The absolute worst part of the fear is that when I speak them or write them down, they sound illogical and whining. __
I don’t feel like I have the right to have these fears.
I did have a well-received book, I did win an award, I am about to graduate with my MFA. My career is going great. The answers to these fears are clear and obvious.
Airing these fears makes me feel ashamed. But I don’t feel as if I can work through them if I let them fester, so here they are.
I’m afraid nearly all the time. I hold back creatively nearly all the time.
It feels hypocritical since I give advice to deal with this stuff. But that’s one reason I give the advice; the problems of writers are so obvious to me because I feel them all the time. I don’t know if it will make you feel any better, knowing you’re not alone if you feel this way. It could make you feel worse since you might hope that these things go away once you get a book deal/the book comes out/you win an award. For me, they didn’t.
You know when you’re walking down the street and you stumble and flail like an idiot, and you look around and see no one saw, you have that sense of relief that kind of washes over the embarrassment? That’s being a new writer and writing something that doesn’t work. Doing a project that no one cares about. Getting a rejection. Yeah, you stumbled, and that can be disappointing, even disheartening but who cares? No one saw.* Try again. Next time you won’t be as likely to stumble.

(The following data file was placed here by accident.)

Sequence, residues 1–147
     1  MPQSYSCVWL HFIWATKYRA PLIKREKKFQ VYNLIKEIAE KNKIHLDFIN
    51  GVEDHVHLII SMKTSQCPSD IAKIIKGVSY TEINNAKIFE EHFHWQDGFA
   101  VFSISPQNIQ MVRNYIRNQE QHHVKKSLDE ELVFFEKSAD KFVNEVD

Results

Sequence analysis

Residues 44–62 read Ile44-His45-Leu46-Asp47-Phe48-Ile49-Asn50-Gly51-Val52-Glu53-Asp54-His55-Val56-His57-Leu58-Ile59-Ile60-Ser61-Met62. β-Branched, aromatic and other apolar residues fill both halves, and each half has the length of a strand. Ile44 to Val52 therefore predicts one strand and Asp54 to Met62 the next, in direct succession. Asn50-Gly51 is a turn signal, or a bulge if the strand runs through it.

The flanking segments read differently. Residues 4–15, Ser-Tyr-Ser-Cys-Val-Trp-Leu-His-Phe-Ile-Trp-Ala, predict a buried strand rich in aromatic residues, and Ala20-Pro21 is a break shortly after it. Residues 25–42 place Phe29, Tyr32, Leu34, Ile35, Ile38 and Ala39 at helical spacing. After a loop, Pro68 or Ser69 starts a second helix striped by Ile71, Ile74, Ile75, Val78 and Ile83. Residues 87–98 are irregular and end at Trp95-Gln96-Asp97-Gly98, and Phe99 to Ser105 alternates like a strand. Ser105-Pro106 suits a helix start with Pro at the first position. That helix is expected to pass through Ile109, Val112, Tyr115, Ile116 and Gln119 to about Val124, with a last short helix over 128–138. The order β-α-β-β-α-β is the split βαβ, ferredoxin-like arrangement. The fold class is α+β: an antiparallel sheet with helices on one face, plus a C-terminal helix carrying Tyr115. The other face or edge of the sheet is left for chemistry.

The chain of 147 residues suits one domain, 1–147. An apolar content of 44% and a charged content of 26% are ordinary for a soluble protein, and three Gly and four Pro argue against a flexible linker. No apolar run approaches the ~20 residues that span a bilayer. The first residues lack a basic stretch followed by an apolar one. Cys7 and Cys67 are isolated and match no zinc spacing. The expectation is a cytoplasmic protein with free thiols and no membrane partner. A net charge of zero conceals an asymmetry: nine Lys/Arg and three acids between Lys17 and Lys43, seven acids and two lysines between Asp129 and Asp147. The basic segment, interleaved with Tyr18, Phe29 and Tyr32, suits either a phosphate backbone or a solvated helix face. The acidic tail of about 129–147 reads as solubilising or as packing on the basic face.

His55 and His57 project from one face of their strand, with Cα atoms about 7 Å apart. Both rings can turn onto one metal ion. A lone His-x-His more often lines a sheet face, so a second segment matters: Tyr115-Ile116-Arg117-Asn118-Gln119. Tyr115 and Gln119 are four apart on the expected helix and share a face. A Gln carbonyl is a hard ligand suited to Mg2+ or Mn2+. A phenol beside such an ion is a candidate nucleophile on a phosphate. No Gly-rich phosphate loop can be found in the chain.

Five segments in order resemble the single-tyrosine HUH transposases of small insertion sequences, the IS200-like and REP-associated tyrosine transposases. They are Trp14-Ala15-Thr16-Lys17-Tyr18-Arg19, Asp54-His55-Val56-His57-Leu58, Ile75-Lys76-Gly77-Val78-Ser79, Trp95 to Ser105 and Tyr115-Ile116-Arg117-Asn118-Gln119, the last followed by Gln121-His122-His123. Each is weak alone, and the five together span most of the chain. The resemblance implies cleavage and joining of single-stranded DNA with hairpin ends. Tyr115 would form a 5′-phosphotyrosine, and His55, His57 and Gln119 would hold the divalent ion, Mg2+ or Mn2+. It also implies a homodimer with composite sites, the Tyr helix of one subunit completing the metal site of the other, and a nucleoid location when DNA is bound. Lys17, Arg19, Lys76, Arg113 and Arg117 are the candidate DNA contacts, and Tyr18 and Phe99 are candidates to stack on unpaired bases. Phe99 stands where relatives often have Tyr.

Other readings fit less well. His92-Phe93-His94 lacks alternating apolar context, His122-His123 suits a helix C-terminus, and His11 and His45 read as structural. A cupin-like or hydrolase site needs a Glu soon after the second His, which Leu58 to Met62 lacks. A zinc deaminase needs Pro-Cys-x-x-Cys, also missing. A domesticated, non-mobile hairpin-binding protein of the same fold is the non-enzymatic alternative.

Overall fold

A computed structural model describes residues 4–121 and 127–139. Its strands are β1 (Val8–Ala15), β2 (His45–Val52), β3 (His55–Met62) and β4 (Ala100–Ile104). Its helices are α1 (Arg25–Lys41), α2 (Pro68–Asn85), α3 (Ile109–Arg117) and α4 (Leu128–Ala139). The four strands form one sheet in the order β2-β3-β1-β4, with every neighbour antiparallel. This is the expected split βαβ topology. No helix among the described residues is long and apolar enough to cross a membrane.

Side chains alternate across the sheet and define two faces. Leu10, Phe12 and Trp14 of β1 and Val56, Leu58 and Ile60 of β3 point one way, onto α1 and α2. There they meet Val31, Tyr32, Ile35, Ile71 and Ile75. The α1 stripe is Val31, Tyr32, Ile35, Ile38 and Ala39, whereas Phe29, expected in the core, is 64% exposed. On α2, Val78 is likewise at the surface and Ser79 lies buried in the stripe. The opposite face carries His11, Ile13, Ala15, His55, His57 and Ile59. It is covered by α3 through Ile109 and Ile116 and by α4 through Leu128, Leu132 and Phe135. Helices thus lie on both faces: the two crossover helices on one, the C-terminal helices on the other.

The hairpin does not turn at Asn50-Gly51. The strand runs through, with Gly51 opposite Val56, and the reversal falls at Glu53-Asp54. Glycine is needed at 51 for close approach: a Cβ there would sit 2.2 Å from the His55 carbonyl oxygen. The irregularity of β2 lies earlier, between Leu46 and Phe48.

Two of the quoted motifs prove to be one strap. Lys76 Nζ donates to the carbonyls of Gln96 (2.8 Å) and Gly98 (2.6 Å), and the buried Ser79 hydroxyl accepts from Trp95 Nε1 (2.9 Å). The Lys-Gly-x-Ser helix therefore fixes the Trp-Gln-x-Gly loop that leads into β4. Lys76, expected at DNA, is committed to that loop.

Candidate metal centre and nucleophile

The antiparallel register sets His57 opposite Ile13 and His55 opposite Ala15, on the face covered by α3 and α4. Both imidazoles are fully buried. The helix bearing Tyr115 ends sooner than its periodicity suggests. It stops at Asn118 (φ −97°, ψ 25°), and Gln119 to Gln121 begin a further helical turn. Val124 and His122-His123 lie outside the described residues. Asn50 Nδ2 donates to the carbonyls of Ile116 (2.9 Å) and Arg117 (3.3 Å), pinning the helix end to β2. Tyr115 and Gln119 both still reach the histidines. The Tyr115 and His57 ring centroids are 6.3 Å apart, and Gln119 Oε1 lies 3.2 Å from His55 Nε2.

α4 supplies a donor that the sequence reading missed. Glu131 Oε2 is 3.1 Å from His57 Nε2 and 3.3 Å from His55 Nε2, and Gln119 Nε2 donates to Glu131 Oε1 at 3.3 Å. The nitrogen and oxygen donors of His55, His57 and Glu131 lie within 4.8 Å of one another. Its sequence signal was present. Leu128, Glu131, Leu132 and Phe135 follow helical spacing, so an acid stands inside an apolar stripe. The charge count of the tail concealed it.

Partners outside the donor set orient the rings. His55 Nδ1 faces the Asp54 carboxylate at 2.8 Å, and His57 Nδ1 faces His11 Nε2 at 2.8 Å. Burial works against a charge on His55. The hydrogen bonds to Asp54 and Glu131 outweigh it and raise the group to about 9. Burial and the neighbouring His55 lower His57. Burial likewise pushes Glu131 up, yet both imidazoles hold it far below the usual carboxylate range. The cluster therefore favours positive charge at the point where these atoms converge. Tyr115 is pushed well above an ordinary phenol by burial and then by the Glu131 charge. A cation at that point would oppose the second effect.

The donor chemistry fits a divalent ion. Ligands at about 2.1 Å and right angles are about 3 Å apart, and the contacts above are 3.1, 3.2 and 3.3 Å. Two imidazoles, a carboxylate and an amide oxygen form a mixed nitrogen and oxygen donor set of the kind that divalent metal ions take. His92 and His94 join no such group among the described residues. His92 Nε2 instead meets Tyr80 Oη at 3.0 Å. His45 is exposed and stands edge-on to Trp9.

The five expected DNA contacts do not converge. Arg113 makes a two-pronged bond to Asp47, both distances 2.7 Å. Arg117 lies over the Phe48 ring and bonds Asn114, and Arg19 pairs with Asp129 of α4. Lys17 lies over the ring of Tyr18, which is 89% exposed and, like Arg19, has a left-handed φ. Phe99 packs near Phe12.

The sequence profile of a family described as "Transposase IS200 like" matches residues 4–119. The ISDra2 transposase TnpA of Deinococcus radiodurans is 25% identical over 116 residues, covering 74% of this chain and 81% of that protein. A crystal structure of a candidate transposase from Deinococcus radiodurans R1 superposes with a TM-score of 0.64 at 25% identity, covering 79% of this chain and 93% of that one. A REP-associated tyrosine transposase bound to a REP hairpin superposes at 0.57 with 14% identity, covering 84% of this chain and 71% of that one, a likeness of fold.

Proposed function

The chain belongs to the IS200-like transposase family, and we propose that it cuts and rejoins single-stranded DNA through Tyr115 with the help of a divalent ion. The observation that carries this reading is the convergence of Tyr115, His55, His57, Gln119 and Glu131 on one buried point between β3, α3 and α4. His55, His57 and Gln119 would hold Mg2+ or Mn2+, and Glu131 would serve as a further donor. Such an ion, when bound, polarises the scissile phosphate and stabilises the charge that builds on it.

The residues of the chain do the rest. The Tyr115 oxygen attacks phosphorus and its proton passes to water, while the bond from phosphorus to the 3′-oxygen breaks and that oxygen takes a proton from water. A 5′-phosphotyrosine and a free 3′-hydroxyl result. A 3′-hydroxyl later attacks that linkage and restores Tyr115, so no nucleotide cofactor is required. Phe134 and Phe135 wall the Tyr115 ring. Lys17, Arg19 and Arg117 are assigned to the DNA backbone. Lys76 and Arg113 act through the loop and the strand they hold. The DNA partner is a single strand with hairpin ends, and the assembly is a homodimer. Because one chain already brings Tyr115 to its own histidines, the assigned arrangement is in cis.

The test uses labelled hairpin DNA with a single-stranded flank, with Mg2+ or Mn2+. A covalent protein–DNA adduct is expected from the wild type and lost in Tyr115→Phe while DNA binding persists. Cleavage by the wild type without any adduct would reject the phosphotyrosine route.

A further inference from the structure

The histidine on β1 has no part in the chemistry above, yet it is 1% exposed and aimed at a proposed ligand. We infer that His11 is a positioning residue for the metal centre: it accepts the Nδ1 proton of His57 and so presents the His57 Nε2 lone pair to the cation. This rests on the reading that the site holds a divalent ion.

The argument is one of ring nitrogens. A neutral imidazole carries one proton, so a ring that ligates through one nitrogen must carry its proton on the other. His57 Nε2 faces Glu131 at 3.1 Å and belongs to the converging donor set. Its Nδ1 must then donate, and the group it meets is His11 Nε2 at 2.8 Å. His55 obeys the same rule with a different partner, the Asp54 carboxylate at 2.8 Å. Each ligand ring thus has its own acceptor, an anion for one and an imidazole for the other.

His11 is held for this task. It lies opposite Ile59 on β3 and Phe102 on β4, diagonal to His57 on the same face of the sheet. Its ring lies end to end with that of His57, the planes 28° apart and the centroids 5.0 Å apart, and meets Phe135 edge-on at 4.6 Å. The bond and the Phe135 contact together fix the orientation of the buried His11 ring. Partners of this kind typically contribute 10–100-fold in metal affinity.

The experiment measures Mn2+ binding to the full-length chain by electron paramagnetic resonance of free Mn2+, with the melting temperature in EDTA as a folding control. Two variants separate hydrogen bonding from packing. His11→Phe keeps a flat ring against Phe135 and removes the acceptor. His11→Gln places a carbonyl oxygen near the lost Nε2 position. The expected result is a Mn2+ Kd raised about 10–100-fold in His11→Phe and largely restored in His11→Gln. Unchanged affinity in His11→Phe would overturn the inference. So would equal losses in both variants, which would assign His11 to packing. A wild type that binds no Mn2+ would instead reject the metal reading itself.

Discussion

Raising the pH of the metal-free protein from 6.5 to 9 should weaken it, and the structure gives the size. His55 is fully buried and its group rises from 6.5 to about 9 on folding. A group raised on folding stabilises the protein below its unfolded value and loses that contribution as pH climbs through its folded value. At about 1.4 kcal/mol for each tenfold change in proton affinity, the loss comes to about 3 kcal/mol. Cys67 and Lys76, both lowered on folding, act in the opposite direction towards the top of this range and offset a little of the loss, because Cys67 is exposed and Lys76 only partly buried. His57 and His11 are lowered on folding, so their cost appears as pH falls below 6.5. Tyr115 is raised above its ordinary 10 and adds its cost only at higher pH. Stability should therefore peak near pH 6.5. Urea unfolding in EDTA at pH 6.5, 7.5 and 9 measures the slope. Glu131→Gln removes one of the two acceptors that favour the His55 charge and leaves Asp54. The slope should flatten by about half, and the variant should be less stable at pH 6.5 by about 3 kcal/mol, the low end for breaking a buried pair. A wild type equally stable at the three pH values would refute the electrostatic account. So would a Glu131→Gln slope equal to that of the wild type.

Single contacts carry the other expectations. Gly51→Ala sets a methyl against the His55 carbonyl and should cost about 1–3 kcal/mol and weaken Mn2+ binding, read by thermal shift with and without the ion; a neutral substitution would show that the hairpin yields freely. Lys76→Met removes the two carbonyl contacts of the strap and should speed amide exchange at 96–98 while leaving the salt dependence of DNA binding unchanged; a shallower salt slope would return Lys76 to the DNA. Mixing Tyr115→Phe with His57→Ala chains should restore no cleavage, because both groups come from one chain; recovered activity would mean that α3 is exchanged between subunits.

The thing is, when you have eyes on you and you stumble, well, it’s a little more embarrassing.
And so, now that more eyes are on me, I’m terrified of stumbling; I have held back. And my cold logical stern mind says yeah, but if you don’t walk anywhere, you don’t go anywhere. You take the risk of stumbling when you take that step. And the rewards are worth that risk, dammit.
So there is my ugly cry. I’m afraid of new things. And I’m airing this on New Year’s Day to be cathartic and hopefully push me into realizing that these fears, while very real, are also very stupid, and I need to just create and get it done and over with, and move on. 2004 Mur would be appalled if she saw how I hold back today. We don’t want to appall our past selves.
Now, to create.
Happy New Year!
- * * And if you’re thinking, “THE EDITOR SAW, MUR!” I promise you, it’s rare the editor formed any opinion about you when they rejected you. They probably didn’t even register your name, unless they’ve seen it many times before. And EVEN THEN you’re still a new writer, and all new writers are expected to submit and be rejected. It’s part of the process. You see it as huge,* that the editor is singling you out to reject you, while you’re just a part of the process to them. You can see this as a positive or a negative. I try really hard to see it as a positive.
** And it is huge. I remember the sting of rejection, and still experience it. But there’s the sting of rejection and the humiliation of public failure, two different feelings, two horrible things.